Pass under the train trestle, then past the dam.
The trail I hiked today started behind an old woolen mill (which burned down in January) and ended 2.5 miles later alongside a penstock just beyond a train trestle bridge and small dam (which warned repeatedly of death if I strayed off the metal walkway).
The short, five-mile, out-and-back hike may not have been the most primitive hiking route in Maine, but you know what? It was quite nice, especially as a spur of the moment hike with my toddler.
Chances are, the realities of your life don't allow you to head off into the backcountry every day or even every week for pristine wilderness experiences. If work, family, or other commitments never slow you down from pursuing your favorite outdoor activities, you can stop reading this now. For the rest of us, front-country trails can provide an extra taste of outdoor adventure on a regular, even daily, basis, whether it's for a short hike, a trail run, or a chance to stop and bird watch.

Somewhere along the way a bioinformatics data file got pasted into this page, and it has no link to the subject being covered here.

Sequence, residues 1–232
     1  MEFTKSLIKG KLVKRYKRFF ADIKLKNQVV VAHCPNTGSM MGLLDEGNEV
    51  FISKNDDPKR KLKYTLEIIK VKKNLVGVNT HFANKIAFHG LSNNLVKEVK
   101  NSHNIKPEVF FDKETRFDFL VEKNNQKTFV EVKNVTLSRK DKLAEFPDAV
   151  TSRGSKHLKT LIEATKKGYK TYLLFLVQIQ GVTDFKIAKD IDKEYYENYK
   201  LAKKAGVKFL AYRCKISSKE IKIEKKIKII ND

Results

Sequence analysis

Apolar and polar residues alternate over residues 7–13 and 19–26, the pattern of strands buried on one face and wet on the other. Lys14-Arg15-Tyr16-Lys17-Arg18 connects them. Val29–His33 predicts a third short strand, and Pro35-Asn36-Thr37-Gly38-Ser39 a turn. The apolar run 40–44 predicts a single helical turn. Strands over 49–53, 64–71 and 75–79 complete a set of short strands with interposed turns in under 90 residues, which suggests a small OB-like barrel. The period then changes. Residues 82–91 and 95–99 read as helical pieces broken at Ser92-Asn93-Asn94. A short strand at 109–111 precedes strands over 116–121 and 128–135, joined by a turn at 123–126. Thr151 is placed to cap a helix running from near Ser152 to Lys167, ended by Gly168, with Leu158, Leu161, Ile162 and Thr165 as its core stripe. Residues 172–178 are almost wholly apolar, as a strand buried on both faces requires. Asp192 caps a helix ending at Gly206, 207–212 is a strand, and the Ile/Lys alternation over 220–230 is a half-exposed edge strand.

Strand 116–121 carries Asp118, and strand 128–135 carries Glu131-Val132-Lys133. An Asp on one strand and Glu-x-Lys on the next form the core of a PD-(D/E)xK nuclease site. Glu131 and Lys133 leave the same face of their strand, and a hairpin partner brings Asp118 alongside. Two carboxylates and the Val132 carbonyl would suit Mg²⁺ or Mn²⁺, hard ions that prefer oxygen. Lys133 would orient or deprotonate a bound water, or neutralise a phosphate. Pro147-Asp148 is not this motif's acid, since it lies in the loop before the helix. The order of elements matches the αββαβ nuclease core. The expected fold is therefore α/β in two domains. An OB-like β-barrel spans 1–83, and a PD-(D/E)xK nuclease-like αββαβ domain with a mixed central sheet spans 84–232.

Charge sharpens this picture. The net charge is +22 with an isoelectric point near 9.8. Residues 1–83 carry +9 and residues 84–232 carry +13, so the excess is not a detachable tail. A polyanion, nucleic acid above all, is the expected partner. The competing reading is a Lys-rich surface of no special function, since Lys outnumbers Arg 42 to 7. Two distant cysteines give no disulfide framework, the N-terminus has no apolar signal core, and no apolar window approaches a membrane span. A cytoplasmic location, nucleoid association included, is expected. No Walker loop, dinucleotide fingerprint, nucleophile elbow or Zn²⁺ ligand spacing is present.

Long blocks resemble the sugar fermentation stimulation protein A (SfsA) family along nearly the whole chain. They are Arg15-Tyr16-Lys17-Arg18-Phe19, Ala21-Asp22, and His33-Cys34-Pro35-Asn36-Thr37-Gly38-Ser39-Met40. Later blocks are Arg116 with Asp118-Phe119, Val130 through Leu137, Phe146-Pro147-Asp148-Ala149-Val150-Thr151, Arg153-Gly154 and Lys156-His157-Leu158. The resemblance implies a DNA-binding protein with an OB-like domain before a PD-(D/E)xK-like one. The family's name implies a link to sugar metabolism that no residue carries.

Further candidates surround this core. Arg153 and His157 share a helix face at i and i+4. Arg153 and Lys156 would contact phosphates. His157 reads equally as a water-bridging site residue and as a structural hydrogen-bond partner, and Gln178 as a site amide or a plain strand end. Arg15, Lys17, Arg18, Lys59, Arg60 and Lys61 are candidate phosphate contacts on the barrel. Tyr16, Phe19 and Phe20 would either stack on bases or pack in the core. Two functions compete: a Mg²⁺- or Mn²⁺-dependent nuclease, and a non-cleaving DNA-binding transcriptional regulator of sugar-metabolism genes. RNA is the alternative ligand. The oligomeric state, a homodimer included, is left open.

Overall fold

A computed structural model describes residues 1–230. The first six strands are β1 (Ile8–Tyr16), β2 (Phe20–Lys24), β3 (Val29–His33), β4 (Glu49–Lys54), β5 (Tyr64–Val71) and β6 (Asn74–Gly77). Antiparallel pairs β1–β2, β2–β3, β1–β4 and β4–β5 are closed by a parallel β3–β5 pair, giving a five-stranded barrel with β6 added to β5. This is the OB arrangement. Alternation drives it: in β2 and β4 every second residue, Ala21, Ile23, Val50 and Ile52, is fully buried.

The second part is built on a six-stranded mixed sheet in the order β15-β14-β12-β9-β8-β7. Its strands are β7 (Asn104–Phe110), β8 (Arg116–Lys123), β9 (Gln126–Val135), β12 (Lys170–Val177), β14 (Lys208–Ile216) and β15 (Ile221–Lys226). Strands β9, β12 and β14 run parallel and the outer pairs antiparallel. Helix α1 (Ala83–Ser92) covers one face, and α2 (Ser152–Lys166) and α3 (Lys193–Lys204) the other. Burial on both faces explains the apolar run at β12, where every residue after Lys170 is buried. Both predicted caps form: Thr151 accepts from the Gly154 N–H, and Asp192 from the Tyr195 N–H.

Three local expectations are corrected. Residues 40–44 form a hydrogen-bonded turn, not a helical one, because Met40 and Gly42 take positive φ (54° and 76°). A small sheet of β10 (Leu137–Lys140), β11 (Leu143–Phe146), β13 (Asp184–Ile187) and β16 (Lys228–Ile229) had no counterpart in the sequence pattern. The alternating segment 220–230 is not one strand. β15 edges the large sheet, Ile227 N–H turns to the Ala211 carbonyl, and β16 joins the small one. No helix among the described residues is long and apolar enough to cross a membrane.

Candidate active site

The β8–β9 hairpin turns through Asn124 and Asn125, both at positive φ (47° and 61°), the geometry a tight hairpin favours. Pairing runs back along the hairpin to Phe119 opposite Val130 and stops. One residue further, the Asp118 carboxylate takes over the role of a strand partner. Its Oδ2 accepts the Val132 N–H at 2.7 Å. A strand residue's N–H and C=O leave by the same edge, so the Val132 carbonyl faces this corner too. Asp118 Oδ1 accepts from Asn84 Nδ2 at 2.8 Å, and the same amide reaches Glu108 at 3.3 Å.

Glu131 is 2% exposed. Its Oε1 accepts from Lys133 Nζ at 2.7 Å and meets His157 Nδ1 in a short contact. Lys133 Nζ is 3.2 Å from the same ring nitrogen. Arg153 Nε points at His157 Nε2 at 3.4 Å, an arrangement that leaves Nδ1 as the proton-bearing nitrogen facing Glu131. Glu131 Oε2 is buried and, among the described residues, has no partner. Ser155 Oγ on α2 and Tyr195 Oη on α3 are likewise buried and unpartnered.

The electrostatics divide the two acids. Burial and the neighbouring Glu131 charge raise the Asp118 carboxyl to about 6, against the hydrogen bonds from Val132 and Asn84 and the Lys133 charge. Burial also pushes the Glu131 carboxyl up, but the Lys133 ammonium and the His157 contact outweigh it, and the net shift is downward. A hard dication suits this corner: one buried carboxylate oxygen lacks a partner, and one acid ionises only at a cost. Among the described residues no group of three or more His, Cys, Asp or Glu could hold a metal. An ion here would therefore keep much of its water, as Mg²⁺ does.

In a previous life (before children), I likely would have dismissed today's trail as not a "real" hike (not long enough, remote enough, high enough). I might not have decided to stop as I drove by the trailhead with a few hours to spare, and I would have missed the opportunity to get out and have a nice walk in the woods, just because.
Through the pine trees.
In addition to the mill and dam mentioned above, the trail I hiked today traveled alongside a beautiful large stream, through lovely tall pines trees, over small brooks, and near nesting ducks. It provided quiet, calm and escape, just a short walk from the center of town.
The outdoors is many things, including remote mountain peaks, forests, trails, and rivers — wild, natural places we love and need. Places I wish I could visit and be a part of more often than my schedule (and budget) allows.
But the outdoors also can be found closer to home — in parks, on nature trails, even backyards — if we choose to stop, find it, and see it. Because the outdoors should be accessible to everyone, every day, whether you're on a multi-week trek or a short walk in the woods on your way home from errands.